Sunday, April 23, 2006

Alan Warner

is a particular favorite of mine; he's got a new novel coming out shortly, so Hephzibah Anderson interviews him in the Observer and Aidan Smith has a good piece in the Scotsman. (Thanks to Sarah for the links.)

The new book's called The Worms Can Carry Me To Heaven but unfortunately (expensively!) is only showing up on Amazon UK for now (I'm going to have to get it anyway, I think, along with that Jenny Diski one I covet); meanwhile if you have not read them, do check out Morvern Callar and The Sopranos (nothing to do with the TV series), which are both absolutely delightful in surprisingly different ways.


  1. Alan Warner is, to use a word my mother likes, 'dreamy'. He also has lovely manners when he's being interviewed.
    When I was covering the Edinburgh Book Festival for a free Fest paper back in 2002 I actually wasn't allowed to interview him, as my lit.crush on him was so severe that they didn't think I'd manage it. I watched him in a panel on modern scottish fiction, though, and decided that it was a very worthy crush indeed!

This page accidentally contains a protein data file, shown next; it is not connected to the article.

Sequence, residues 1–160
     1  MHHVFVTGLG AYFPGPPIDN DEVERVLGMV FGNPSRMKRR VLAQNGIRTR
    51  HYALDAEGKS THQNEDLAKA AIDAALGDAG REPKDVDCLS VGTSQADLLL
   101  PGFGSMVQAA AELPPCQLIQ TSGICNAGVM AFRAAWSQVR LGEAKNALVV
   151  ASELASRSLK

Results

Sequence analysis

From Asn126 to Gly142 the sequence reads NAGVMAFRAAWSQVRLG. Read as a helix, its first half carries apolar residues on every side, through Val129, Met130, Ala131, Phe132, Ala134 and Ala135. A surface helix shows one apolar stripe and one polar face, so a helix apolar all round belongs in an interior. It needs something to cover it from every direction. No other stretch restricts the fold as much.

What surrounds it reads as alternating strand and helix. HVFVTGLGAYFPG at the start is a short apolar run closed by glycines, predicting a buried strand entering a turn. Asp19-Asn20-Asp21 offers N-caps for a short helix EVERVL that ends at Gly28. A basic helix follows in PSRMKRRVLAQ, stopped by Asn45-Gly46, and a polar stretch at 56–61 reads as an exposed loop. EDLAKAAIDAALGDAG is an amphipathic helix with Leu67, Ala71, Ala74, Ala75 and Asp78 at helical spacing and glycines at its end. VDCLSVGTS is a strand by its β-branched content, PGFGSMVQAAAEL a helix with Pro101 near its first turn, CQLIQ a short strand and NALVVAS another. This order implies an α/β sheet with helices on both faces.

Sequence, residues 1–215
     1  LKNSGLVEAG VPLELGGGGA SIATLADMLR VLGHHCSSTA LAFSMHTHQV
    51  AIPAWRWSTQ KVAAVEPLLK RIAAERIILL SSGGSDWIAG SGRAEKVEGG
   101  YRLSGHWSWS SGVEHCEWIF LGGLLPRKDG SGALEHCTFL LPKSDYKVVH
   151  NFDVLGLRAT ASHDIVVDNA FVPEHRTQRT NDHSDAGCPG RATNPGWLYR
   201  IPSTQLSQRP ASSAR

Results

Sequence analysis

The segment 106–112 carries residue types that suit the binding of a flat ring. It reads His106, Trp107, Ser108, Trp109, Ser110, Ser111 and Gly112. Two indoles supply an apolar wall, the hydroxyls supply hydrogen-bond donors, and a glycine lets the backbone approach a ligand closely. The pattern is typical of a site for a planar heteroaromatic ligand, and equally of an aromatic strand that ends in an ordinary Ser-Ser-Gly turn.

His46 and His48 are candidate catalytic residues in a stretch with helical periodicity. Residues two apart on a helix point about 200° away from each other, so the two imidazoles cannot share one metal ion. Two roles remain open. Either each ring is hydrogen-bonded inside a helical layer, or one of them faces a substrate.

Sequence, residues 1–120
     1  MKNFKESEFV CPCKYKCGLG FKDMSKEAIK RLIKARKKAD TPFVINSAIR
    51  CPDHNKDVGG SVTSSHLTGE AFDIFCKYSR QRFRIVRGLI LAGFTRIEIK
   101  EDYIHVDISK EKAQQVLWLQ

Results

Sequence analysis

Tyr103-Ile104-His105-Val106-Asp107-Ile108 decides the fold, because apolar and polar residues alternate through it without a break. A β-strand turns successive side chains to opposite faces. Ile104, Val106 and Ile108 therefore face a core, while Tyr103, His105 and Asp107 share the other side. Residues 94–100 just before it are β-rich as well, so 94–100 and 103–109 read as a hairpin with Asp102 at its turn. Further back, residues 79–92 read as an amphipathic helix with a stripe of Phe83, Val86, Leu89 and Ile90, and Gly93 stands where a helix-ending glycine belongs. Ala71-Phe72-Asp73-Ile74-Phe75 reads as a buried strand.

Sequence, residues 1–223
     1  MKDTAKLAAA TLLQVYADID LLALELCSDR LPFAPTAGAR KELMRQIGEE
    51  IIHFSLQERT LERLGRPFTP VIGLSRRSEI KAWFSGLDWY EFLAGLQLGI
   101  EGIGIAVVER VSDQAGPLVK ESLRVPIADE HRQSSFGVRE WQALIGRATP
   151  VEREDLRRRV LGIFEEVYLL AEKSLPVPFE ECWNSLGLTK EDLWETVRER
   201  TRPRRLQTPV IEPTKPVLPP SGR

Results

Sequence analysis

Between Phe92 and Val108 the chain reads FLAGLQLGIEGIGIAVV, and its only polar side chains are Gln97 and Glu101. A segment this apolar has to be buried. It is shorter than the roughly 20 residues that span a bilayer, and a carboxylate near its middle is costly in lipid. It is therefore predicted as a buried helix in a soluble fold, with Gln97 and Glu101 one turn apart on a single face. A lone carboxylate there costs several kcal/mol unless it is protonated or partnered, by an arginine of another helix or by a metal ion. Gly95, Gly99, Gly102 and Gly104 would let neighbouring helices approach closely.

2. I read Morven Caller and I did enjoy it, though it lost me towards the end when it went into a more surrealistic mode. I have to admit I found the main character eventually unsympathetic, having identified with her for about the first half or two-thirds.

    The reason I actually read this book was because someone gave me his follow-up while I was in hospital. I read the follow-up, whose title I forget exactly but it was something like "these strange lands". And I am very ashamed to admit I did not understand a word of it. It was about people on an island, but I read pages without knowing what I was reading. Someone said, maybe on the blurb, that the book was supposed to represent a drug experience. But I just could not make head or tail of it.

    Now, reading your comments, I feel very stupid. I just could not appreciate or understand this book. I don't mean this in a negative, critical way, but literally. I could not process the information in a meaningful (to me) way. I found this a very disturbing experience, and not one familiar to me -- I think I understand most things I come across in life, beign of reasonably average intelligence. What is wrong with my brain?